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This article was published 22/5/2013 (1163 days ago), so information in it may no longer be current.
A Winnipeg city councillor is trashing the city's system for picking up discarded mattresses and furniture in back alleys and empty lots.
Coun. Ross Eadie (Mynarski) plans to make a motion at next Wednesday's city council meeting directing the city to use civic employees or hire a private contractor or social agency to pick up the bulky refuse.
Eadie said Emterra, the city's main garbage contractor, is unable to keep up with collecting such trash and people are illegally dumping it, even as the city moves to raise fines to $600 for individuals and $1,200 for corporations who do so. The current fine is $300.
Eadie said this garbage is an eyesore and fire risk.
"I'm getting pretty frustrated," he said. "In Brandon, they have dedicated trucks go up and down back lanes and they just pick it all up. We also need dedicated trucks to go down back lanes."
Moreover, Eadie said he knows people who have paid the $5 fee to have a large garbage item picked up, but are still waiting for the pickup 10 days later.
"Emterra did not bid high enough so it could have the resources to pick up garbage, recycling, yard waste and bulk items," he said. "That's why I didn't vote for this plan, because I knew it wouldn't solve the bulk-waste problem."
Winnipeg School Division trustee Mike Babinsky, who emailed city officials and politicians about the problem after he took photos on the weekend of dumped mattresses and furniture in alleys, agreed the city must find a way to remove to the junk faster. "It's a fire hazard," Babinsky said.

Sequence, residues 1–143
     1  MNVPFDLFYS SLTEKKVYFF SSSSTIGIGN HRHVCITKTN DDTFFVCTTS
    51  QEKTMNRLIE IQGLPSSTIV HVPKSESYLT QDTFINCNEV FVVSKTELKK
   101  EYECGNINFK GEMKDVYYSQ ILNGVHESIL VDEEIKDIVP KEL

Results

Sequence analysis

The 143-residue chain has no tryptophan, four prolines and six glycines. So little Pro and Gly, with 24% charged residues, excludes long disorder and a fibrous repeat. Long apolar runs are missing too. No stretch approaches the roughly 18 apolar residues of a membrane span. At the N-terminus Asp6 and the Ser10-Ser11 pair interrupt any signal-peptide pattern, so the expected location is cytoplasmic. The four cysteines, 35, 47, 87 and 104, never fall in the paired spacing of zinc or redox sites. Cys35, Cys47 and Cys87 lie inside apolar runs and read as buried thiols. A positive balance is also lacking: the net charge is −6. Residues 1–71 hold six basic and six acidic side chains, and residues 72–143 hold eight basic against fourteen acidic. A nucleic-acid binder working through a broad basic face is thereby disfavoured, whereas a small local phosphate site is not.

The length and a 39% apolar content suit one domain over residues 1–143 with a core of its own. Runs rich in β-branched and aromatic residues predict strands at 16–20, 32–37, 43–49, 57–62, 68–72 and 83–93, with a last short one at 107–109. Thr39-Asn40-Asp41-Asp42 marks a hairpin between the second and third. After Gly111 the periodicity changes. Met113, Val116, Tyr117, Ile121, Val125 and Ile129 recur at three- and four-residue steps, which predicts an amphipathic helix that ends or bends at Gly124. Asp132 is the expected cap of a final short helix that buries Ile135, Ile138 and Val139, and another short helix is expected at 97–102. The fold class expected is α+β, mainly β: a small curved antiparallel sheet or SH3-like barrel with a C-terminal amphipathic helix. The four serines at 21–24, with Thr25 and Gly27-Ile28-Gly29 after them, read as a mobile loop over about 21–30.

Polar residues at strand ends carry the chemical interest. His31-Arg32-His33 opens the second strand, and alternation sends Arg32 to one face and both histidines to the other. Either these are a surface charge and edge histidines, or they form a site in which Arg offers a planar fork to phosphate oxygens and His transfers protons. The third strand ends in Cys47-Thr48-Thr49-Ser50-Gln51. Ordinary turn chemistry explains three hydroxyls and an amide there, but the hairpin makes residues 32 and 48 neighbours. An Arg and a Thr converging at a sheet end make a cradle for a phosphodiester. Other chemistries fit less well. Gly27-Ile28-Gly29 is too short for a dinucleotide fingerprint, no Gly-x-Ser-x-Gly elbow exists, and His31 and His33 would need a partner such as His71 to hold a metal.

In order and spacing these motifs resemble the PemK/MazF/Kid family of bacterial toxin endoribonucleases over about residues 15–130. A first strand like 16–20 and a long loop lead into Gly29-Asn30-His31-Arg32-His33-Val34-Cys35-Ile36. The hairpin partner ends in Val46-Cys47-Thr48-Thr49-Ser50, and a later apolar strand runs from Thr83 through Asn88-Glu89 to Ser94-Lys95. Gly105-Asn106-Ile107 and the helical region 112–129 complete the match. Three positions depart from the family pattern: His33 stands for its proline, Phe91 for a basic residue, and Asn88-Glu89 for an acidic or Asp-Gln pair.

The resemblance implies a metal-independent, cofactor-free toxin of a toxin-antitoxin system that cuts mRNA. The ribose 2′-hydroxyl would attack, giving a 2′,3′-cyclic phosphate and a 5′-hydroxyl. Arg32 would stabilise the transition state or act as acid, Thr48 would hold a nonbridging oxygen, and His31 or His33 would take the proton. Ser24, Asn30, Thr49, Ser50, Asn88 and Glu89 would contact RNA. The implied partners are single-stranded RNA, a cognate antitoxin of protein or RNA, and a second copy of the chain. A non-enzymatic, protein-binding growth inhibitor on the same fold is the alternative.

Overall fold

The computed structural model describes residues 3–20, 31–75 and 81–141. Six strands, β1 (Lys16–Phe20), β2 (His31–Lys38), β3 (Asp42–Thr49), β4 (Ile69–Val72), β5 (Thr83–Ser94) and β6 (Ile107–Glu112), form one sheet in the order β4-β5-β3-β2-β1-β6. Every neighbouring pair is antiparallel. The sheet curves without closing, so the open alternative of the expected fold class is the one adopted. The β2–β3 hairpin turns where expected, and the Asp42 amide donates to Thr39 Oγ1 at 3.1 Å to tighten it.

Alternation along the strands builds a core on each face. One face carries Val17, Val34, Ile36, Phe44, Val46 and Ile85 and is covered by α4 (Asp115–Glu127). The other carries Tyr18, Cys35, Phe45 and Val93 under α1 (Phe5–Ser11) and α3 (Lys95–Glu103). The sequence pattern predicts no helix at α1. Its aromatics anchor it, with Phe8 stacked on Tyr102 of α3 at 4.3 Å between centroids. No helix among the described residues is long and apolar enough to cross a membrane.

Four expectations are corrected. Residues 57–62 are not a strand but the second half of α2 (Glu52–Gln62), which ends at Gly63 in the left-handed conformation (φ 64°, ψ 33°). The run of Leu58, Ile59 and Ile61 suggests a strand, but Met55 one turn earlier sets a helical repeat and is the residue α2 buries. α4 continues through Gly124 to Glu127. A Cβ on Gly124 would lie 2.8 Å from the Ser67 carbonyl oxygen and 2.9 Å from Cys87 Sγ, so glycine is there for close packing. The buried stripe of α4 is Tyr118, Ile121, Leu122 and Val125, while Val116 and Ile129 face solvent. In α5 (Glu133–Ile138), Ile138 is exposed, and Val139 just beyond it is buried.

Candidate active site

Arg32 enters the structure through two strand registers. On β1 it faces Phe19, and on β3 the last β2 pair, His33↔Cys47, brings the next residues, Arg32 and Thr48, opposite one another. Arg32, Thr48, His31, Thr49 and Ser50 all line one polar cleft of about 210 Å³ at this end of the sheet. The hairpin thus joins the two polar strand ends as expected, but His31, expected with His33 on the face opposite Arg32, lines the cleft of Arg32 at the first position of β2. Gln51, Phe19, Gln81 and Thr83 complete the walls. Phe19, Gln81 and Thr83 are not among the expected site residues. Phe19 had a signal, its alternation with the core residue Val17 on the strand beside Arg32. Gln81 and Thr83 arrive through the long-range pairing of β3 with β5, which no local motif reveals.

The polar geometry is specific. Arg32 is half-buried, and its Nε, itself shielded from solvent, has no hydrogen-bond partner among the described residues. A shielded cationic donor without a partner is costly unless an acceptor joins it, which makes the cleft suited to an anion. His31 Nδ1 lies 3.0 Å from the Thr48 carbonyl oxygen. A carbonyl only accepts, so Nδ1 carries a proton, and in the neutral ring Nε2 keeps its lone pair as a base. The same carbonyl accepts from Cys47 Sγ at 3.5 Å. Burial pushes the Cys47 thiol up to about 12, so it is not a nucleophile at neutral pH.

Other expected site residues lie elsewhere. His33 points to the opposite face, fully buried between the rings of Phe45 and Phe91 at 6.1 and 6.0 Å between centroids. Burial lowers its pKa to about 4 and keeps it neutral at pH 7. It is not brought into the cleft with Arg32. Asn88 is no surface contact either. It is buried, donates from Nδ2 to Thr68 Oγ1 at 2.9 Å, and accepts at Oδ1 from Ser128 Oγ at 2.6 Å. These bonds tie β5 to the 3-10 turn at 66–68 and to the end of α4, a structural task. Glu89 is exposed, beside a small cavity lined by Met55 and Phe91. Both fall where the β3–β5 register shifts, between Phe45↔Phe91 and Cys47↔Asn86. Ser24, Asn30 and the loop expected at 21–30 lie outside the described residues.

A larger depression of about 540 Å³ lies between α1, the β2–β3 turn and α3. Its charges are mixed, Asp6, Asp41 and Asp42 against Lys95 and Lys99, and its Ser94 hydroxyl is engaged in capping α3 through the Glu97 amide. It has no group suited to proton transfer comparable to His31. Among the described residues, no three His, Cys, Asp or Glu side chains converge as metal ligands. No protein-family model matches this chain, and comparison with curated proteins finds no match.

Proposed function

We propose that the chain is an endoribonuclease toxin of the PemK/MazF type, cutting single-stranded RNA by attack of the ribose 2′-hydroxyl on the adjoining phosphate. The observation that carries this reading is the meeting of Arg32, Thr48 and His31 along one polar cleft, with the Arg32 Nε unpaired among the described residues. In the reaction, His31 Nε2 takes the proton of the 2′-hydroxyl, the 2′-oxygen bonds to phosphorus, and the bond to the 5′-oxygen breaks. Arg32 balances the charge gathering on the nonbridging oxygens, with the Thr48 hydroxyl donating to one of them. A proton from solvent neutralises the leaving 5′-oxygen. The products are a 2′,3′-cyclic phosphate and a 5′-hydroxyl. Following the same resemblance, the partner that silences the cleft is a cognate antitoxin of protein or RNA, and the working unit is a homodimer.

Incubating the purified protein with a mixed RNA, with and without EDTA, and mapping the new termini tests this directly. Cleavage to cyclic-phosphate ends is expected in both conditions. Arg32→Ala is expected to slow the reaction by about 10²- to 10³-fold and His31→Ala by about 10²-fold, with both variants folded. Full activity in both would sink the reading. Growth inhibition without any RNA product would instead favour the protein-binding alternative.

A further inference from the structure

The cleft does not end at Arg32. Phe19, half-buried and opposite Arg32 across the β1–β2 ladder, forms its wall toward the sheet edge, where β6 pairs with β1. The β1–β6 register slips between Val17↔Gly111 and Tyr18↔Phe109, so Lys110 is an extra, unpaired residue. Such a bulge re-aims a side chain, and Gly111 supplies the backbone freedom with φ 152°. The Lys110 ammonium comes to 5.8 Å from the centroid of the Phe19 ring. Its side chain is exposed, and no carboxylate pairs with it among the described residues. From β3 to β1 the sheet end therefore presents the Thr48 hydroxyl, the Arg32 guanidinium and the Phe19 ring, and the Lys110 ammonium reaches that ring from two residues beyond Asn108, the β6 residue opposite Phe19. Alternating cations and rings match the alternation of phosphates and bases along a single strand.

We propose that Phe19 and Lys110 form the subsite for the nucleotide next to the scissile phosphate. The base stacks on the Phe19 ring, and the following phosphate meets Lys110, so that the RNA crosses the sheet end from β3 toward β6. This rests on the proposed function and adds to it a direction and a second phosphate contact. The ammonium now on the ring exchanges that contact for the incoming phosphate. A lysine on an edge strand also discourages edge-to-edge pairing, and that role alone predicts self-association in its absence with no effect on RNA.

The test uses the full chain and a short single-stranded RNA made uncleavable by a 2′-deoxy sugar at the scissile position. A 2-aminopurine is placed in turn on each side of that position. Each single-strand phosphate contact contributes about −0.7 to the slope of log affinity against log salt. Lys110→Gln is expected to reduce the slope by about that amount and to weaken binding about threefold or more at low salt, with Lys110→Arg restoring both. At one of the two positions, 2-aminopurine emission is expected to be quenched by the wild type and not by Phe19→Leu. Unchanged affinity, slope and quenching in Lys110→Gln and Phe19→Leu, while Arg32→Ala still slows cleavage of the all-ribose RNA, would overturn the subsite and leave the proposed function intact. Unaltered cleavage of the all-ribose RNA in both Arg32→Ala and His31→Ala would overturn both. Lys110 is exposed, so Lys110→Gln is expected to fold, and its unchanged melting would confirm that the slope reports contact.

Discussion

"Maybe the city should take another look at what's going on. And we have to have pride in ownership where you live."
Darryl Drohomerski, the city's manager of solid-waste services, said the city isn't ignoring the problem.
Drohomerski said both of the city's bulk waste contractors, Emterra and BFI, are picking up the large garbage within the city's mandate of up to 10 business days.
"We're not seeing anything more than a typical spring," Drohomerski said.
"We see an awful lot from now until the end of June -- that's the majority. It's when there's lots of movement. People are moving... many going out of town. Historically, we always see this."
Drohomerski said even though the contractors have up to 10 business days to pick up bulk waste, many of the pickups occur within two or three days.
"It all depends on the volume and the time of year," he said.
But Drohomerski said the crews don't go on private property to pick up items.
"It may sound silly, but we don't know if it was dumped or if it is by someone who put a couch there to watch the sun set.
"We've had claims for reimbursement before. We pick up stuff that's in the lane."
Drohomerski said if Winnipeggers want the mandate changed so all bulk waste is picked up in less time, it would have to come through a change approved by city council.